The long-awaiting Natural England consultation document on proposed revisions to the European Protected Species (EPS) licensing system has just been published.
Of particular interest is proposed licensing policy No 1, which would relax the requirement to exclude EPS – essentially great crested newts (GCNs) from development sites. This is a policy to be much supported, because it would mean an end to expensive and largely ineffective fencing costs for developers on sites with at best a peripheral value to the species.
Some background: In 2000, JFA inherited a license – produced by another consultant, and one we would have never promoted. This license required exclusion of great crested newts from a development site. A complex arrangement of semi-permanent peripheral fencing and internal drift fencing was required. The license required 60 days of trapping effort.
A six figure sum and 60 days later, precisely 6 great crested newts were trapped and re-located. I was, to say the least, horrified at the waste, and vowed I would never suggest such a mitigation to any client; I have kept that vow.
What jumps out at me is the terrible mis-allocation of funds. The manpower and fencing costs would have funded substantial habitat improvements of real benefit to the species, but was instead spent on fencing, which was later discarded, contractors to put in the fencing, and manpower on field-workers who would have found far more interesting work than the daily inspection of (empty) pit-traps.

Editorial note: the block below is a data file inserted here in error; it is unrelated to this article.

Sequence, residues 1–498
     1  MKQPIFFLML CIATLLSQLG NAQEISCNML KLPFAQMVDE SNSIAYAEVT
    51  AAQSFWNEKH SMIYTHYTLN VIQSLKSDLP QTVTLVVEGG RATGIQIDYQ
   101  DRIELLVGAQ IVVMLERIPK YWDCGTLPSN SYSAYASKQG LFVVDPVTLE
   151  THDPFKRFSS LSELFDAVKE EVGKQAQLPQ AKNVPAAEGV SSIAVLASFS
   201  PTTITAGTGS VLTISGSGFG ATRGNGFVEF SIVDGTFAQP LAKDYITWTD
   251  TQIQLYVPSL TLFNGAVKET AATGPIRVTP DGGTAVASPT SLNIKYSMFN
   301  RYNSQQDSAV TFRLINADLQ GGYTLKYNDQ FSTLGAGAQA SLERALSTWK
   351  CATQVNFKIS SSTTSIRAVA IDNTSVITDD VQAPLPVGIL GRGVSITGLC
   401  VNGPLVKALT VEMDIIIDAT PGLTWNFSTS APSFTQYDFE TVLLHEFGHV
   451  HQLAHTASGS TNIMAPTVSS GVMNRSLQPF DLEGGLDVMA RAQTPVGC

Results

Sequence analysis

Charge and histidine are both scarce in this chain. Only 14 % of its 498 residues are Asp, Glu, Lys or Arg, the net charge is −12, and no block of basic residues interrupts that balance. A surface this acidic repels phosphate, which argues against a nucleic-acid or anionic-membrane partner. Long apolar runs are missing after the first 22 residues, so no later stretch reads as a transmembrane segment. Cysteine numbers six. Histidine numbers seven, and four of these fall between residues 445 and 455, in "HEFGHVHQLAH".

JFA acknowledge that there are scenarios where a full capture and exclusion programme is necessary: one we conducted in around 2007 captured over 7000 GCNs, but importantly, included a significant habitat creation programme which did in fact benefit the local population.
I have always been vocal about the UK regulatory bodies mis-interpretation of the Habitats Directive. The Directive is about population protection, but as promulgated into UK law, has resulted in the protection of individuals of a given species from harm. This duplicates the protection afforded to most species under the Wildlife and Countryside Act. The focus on individual harm has come, it seems to me, at the expense of conservation at the population level, which is still poorly addressed by the Agencies.
It has taken now in excess of 16 years for the Agencies to finally concede that they might have got it wrong. It is now equally important that developers ensure that their consultant ecologists assess any potential harm correctly, to ensure that time and funds are not wasted in unneeded site mitigation. The full consultation document can be viewed here.
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